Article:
Trump Administration Pauses Legal Orientation for Immigrants - NBC Southern California
Immigration in America

Immigration in America

Full coverage of immigration issues in the U.S.

Trump Administration Pauses Legal Orientation for Immigrants

The program helps more than 50,000 people in immigration detention each year, according to Vera

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    Recent immigrants join activists protest a revised version of President Donald Trump's travel ban on Jun. 29, 2017, in New York City

    Immigrant advocates are outraged by a U.S. government decision to put on hold a program that helps tens of thousands of immigrants navigate the country's complex immigration court system.

    The $8 million-a-year program that provides legal orientation to immigrants in deportation proceedings is on hold pending review, according to the U.S. Department of Justice, which oversees immigration courts.

    This move that came to light this week angered immigrant advocates, who called the assistance a lifeline for asylum seekers and other immigrants fighting deportation without lawyers.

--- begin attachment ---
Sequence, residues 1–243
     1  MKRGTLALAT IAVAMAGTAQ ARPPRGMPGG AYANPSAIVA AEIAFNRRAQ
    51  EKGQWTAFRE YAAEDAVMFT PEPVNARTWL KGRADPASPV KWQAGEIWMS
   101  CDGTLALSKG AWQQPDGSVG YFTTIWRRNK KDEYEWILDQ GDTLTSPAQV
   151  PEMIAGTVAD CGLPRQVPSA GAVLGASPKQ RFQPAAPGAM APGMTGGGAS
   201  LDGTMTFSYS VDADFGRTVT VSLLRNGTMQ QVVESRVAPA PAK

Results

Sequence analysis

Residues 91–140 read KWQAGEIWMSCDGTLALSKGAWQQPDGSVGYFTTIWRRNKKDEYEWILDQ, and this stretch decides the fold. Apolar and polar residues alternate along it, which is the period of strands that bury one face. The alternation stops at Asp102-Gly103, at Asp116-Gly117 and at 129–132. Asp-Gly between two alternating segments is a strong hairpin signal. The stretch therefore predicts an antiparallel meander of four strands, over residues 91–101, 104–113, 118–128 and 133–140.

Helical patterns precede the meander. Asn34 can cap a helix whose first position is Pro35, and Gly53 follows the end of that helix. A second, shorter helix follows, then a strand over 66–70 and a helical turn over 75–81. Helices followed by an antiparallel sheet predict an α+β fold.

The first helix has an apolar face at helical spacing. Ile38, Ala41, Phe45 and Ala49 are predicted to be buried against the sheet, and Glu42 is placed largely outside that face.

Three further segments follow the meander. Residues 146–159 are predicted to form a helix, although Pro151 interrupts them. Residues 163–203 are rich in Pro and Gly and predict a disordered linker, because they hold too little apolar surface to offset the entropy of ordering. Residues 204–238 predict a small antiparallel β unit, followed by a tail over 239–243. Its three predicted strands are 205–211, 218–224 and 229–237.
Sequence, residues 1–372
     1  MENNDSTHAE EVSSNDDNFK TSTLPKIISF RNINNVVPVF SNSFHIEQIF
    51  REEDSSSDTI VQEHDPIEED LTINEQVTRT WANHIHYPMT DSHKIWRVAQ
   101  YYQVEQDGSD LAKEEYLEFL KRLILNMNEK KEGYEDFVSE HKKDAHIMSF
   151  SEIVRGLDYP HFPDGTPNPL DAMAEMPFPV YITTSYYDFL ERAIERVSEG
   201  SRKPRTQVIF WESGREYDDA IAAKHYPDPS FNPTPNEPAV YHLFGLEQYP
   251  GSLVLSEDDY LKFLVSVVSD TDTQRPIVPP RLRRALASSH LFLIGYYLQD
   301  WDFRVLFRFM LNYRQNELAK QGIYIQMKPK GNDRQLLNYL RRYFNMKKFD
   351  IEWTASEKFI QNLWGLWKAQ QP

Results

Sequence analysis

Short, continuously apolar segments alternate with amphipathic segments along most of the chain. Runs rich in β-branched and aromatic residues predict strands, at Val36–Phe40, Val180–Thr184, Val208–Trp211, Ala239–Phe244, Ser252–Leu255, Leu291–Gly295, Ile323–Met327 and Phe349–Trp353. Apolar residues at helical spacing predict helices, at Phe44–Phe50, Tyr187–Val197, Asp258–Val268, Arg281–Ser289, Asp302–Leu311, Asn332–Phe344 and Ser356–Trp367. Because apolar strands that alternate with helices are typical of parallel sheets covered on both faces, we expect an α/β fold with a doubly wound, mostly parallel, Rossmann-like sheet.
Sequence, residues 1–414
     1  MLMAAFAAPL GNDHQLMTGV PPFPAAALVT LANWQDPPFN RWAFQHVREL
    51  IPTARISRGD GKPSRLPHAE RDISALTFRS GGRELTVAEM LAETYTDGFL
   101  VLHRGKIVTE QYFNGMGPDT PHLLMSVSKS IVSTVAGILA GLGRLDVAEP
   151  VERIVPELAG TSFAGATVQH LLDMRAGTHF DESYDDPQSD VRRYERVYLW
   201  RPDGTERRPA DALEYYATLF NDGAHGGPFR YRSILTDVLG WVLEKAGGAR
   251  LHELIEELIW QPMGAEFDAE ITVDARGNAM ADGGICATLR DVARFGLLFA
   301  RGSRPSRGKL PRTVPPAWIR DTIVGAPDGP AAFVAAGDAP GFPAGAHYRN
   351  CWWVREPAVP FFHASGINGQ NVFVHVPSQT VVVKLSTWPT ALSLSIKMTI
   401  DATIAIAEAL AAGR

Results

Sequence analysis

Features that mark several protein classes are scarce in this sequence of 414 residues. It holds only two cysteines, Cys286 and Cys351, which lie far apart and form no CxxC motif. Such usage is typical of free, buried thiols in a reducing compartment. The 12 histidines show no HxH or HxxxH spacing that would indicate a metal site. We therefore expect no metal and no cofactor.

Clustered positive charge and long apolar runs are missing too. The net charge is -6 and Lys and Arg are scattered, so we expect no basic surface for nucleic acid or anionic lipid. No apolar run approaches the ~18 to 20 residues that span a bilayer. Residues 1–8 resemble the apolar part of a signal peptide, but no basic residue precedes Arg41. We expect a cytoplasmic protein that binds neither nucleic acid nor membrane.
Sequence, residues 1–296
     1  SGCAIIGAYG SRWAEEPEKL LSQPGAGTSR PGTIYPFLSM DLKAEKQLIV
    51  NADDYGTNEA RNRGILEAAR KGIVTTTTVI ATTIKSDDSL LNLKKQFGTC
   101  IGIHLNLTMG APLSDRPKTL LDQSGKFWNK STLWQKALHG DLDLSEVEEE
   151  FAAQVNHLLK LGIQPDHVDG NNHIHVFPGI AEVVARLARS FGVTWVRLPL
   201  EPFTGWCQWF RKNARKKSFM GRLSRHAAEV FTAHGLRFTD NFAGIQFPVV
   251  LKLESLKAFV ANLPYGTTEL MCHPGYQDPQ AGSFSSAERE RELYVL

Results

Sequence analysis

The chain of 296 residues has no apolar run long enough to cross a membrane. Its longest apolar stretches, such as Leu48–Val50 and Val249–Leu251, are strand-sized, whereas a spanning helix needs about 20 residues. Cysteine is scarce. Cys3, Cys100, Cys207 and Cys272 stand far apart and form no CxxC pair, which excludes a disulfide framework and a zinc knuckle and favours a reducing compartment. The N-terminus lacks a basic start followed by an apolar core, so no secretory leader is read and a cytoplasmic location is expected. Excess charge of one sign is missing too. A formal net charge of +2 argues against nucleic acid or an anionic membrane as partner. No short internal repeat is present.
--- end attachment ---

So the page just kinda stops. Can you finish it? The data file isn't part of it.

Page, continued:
"Every day this program is not in operation puts family unity at risk, harms our communities, and infringes on the right of all people to make informed decisions about their legal claims," the New York-based Vera Institute of Justice said in a news release.

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    The program helps more than 50,000 people in immigration detention each year, according to Vera. It was started in 2003.

    Immigrants who can't afford attorneys or find lawyers to handle their cases for free must represent themselves in their deportation cases. For many, the program is their only source of legal guidance in a complex and overwhelming system.

    Advocates hold group sessions with immigrants in detention to provide an overview of deportation proceedings and also offer individual case orientation.

    The program helps immigrants make more informed decisions and helps complete cases more quickly, according to the immigration courts' website.

    The immigration courts face a tremendous backlog of more than 600,000 cases, according to the Transactional Records Access Clearinghouse at Syracuse University.